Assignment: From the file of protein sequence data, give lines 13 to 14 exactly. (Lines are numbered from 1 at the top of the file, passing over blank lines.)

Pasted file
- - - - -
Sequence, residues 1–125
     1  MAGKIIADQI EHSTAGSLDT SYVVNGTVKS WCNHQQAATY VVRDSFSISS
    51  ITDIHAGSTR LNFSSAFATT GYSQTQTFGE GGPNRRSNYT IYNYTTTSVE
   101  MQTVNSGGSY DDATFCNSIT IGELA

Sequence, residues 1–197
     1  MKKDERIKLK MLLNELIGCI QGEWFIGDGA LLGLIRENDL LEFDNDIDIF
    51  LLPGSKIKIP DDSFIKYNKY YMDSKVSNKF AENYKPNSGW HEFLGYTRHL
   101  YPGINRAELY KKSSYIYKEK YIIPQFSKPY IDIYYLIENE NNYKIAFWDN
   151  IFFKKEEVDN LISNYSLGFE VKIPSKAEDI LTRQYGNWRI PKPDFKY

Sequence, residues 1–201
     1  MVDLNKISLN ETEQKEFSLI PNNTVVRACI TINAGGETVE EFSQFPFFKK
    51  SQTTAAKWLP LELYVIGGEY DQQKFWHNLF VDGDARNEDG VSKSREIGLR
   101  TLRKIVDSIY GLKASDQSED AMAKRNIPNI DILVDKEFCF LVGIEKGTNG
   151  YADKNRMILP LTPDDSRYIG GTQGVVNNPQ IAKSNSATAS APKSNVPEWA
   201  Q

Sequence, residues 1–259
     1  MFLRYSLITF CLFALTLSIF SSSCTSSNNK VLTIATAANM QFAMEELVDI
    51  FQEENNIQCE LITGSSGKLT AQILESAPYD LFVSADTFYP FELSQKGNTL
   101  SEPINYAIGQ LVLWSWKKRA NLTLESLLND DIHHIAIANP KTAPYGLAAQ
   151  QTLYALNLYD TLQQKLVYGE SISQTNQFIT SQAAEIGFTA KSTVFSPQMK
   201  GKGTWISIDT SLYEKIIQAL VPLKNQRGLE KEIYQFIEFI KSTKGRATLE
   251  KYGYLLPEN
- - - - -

   101  TLRKIVDSIY GLKASDQSED AMAKRNIPNI DILVDKEFCF LVGIEKGTNG
   151  YADKNRMILP LTPDDSRYIG GTQGVVNNPQ IAKSNSATAS APKSNVPEWA